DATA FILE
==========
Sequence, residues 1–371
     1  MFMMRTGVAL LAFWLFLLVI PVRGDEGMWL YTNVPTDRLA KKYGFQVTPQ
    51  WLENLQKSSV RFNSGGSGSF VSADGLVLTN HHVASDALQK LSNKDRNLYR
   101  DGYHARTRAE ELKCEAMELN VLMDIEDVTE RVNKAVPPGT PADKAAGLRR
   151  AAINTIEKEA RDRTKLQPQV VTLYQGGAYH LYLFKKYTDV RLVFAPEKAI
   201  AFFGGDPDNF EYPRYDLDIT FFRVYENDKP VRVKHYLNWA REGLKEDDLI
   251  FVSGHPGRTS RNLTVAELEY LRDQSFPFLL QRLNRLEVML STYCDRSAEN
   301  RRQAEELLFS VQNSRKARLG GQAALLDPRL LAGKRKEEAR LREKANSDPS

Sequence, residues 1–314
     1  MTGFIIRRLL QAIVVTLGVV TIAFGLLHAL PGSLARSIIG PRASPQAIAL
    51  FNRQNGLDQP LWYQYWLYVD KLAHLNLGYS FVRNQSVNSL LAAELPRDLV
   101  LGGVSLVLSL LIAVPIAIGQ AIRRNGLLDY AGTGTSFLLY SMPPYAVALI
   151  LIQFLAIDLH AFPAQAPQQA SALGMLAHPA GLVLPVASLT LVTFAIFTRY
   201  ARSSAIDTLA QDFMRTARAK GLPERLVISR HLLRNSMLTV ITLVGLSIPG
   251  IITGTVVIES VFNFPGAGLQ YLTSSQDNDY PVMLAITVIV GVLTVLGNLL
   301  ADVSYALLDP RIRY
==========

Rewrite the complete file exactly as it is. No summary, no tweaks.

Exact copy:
Sequence, residues 1–371
     1  MFMMRTGVAL LAFWLFLLVI PVRGDEGMWL YTNVPTDRLA KKYGFQVTPQ
    51  WLENLQKSSV RFNSGGSGSF VSADGLVLTN HHVASDALQK LSNKDRNLYR
   101  DGYHARTRAE ELKCEAMELN VLMDIEDVTE RVNKAVPPGT PADKAAGLRR
   151  AAINTIEKEA RDRTKLQPQV VTLYQGGAYH LYLFKKYTDV RLVFAPEKAI
   201  AFFGGDPDNF EYPRYDLDIT FFRVYENDKP VRVKHYLNWA REGLKEDDLI
   251  FVSGHPGRTS RNLTVAELEY LRDQSFPFLL QRLNRLEVML STYCDRSAEN
   301  RRQAEELLFS VQNSRKARLG GQAALLDPRL LAGKRKEEAR LREKANSDPS

Sequence, residues 1–314
     1  MTGFIIRRLL QAIVVTLGVV TIAFGLLHAL PGSLARSIIG PRASPQAIAL
    51  FNRQNGLDQP LWYQYWLYVD KLAHLNLGYS FVRNQSVNSL LAAELPRDLV
   101  LGGVSLVLSL LIAVPIAIGQ AIRRNGLLDY AGTGTSFLLY SMPPYAVALI
   151  LIQFLAIDLH AFPAQAPQQA SALGMLAHPA GLVLPVASLT LVTFAIFTRY
   201  ARSSAIDTLA QDFMRTARAK GLPERLVISR HLLRNSMLTV ITLVGLSIPG
   251  IITGTVVIES VFNFPGAGLQ YLTSSQDNDY PVMLAITVIV GVLTVLGNLL
   301  ADVSYALLDP RIRY